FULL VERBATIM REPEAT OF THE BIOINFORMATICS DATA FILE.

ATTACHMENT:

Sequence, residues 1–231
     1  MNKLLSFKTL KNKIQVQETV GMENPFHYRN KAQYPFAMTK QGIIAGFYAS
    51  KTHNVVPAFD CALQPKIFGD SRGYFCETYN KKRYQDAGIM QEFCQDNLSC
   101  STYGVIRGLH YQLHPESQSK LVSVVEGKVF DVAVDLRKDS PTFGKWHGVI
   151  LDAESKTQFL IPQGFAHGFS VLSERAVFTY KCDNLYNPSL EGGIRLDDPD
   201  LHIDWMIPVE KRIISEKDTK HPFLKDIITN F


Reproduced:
Sequence, residues 1–231
     1  MNKLLSFKTL KNKIQVQETV GMENPFHYRN KAQYPFAMTK QGIIAGFYAS
    51  KTHNVVPAFD CALQPKIFGD SRGYFCETYN KKRYQDAGIM QEFCQDNLSC
   101  STYGVIRGLH YQLHPESQSK LVSVVEGKVF DVAVDLRKDS PTFGKWHGVI
   151  LDAESKTQFL IPQGFAHGFS VLSERAVFTY KCDNLYNPSL EGGIRLDDPD
   201  LHIDWMIPVE KRIISEKDTK HPFLKDIITN F